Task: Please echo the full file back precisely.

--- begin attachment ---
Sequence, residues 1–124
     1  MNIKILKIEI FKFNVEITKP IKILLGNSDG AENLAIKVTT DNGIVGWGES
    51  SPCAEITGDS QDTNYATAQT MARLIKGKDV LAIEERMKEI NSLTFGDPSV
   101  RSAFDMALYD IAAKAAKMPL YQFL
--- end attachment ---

Sequence, residues 1–124
     1  MNIKILKIEI FKFNVEITKP IKILLGNSDG AENLAIKVTT DNGIVGWGES
    51  SPCAEITGDS QDTNYATAQT MARLIKGKDV LAIEERMKEI NSLTFGDPSV
   101  RSAFDMALYD IAAKAAKMPL YQFL